This same friend is named “Mary Katherine,” a moniker about which she is not thrilled. She’d be happy as a “Kate,” but her family has always called her “Mary.” Now, at fifty, she’s stuck with it, and perhaps in the role her family imagines for her, too.

If naming something makes it ours, naming something correctly gives it a life of its own.

Memoir to novel: “A” my name is …

When we’re fictionalizing our lives, using them for novel-writing fodder, the first thing we might do is find a name for our main character that differentiates her from us. This gives her some breathing room, lets her live out her story on her own terms. It creates the possibility that the story we’re telling—even though based in our own experience—could come to surprise us.

Maybe we give our fictionalized self a name that reflects a trait we wish we had. If I were to write a novel using my life as a starting point, I’d likely name my main character “Claire.” I’d do this in hopes she would understand the roads I’ve traveled more “clearly” than I do. That facing at least some of the crossroads I’ve faced, she’d make clearer-eyed choices than I did—choices that would take her down different paths than those I followed. I’d be fascinated to see where such clarity might have led me.

Writer friend Jill Louise, after working on what she believed to be a non-autobiographical novel for ten years, suddenly realized (after ten years!) she’d actually named her main character for the small Midwestern town in which she herself was raised. Oops.

Jill says she now sees this character as representative of her entire life growing up—“the thing that I left,” as she put it. From this, she learned: “You can’t get away from it. You can’t actually write something that’s not about you.”

And then there’s Sarah (not her real name, but a true story). Sarah is a client of mine who is writing a wonderful, wildly fictionalized version of her life—and who has recently changed her main character’s name to one more distinct from “Sarah” than that which she first bestowed on the character.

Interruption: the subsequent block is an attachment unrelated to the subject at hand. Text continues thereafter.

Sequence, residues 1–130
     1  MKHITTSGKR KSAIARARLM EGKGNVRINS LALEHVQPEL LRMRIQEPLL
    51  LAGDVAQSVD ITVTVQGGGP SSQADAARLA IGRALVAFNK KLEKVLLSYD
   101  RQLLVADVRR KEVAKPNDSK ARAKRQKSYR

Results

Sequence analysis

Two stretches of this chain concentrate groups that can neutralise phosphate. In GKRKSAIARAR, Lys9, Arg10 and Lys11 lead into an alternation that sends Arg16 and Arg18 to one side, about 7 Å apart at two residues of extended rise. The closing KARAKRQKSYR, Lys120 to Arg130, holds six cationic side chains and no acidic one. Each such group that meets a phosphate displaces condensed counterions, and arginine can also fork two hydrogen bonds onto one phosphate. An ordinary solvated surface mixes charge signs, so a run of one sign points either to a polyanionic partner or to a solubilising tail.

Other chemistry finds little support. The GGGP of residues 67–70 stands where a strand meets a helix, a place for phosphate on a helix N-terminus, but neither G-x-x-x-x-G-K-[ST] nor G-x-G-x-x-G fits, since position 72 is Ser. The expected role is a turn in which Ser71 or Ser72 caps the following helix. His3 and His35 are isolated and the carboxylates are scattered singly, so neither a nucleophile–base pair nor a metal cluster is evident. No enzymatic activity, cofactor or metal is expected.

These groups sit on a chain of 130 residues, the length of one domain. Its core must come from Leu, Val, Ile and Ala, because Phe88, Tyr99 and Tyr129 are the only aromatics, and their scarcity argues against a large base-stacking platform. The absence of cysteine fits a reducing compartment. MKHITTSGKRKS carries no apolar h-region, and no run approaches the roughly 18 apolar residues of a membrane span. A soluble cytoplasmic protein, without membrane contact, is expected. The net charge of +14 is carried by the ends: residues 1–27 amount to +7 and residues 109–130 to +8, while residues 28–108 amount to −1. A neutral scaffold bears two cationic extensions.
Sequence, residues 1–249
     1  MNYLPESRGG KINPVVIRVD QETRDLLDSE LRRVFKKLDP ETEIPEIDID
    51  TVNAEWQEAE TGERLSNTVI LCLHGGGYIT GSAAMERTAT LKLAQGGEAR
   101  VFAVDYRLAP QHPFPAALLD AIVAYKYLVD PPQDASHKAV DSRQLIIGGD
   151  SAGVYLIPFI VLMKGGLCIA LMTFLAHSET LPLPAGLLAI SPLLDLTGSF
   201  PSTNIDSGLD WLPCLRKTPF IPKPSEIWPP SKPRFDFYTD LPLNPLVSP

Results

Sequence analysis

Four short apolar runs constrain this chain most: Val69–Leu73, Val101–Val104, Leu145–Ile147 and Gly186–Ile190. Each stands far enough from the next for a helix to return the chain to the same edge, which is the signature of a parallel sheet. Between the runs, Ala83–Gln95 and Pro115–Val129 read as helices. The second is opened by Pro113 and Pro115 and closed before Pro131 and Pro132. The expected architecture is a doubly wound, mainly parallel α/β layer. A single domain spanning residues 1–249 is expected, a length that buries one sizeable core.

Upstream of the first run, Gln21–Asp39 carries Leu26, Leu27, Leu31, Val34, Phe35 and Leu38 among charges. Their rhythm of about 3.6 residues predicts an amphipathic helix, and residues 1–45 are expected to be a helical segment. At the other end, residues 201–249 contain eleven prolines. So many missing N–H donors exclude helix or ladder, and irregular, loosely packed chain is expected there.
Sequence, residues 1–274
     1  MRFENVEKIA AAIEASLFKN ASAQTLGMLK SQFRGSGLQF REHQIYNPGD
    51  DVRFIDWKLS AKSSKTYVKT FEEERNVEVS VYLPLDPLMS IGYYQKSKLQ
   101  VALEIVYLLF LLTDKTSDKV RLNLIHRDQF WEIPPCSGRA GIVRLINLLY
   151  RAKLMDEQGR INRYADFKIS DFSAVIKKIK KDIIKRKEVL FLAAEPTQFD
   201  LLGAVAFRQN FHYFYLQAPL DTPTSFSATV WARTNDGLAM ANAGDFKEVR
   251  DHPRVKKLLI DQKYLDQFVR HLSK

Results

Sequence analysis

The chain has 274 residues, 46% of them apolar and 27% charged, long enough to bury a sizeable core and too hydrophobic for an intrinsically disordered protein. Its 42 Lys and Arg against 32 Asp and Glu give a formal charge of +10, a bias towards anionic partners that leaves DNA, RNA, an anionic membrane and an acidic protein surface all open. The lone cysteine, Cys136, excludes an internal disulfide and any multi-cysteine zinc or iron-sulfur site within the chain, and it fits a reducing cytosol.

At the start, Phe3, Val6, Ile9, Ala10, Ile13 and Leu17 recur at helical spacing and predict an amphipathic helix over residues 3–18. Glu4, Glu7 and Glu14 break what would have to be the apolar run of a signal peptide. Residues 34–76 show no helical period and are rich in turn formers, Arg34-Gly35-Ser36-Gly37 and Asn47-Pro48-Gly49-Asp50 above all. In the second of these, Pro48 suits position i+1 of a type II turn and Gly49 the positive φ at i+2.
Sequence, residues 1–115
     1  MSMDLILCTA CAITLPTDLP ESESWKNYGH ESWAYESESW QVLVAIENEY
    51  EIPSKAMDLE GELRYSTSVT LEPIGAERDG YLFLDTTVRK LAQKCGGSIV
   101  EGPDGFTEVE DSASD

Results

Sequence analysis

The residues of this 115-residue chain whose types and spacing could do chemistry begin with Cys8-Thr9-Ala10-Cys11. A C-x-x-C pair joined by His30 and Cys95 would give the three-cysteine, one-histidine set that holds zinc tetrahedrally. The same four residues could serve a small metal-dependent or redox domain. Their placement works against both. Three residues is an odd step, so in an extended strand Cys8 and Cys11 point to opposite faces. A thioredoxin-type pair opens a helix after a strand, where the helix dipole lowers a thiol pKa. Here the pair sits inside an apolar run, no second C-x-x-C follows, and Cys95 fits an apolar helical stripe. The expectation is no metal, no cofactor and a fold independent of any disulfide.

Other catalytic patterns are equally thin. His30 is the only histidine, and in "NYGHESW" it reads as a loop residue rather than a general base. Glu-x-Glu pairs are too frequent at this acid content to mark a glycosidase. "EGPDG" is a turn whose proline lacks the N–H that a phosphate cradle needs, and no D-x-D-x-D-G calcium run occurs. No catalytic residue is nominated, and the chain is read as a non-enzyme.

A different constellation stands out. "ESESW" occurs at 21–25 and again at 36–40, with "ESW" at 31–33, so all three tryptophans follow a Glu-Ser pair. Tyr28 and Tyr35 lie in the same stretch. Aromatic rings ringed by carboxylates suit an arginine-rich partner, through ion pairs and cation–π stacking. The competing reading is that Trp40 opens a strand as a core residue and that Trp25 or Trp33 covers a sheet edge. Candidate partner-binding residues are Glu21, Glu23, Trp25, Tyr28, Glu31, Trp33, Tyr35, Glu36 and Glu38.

I’m not sure if changing her main character from “Shari” to “Consuelo” was what turned the tide, but it’s a fact that, recently, Sarah sent Consuelo to face a fictional challenge similar to one in Sarah’s actual life. It’s also a fact that, after writing the scene in which Consuelo meets her antagonist head on and triumphs, Sarah did the same in real life.

Go, Consuelo. Go, Sarah!!

Button

Natalie Goldberg says, “Writers live twice.” With that in mind, name your characters (and your kittens) well. Then, in your second life on the page, let them go forth and do what may have seemed impossible to you the first time around, when you were committed to being the person who carried the name with which you were born.

Novel-writing inspiration

WRITER’S DIGEST article “The 7 Rules for Picking Names for Fictional Characters,” by my pal Elizabeth Sims, is a great starting place for thinking through some character-naming strategies.

Need more? With over 25,000 character names, THE CHARACTER NAMING SOURCEBOOK, by Sherrilyn Kenyon, might put its figurative finger on the handle that best suits your character.

And if you’re turning your life into a medieval tale? Check out NAME YOUR MEDIEVAL CHARACTER, by Joyce DiPastena.

Finally, when I told After Fifty Adventureman, Hugh Holborn, about this post, he steered me toward Robert Heinlein’s STRANGER IN A STRANGE LAND because of the number of significantly-named characters the story includes. If you’re interested in learning about some of these names, you’ll find a discussion in Anjelica Mantikas’s article in Shadows of Light: Exploring the Tradition of Utopian and Dystopian Thought. Scroll down to the second paragraph of section III, Historical context and religious references.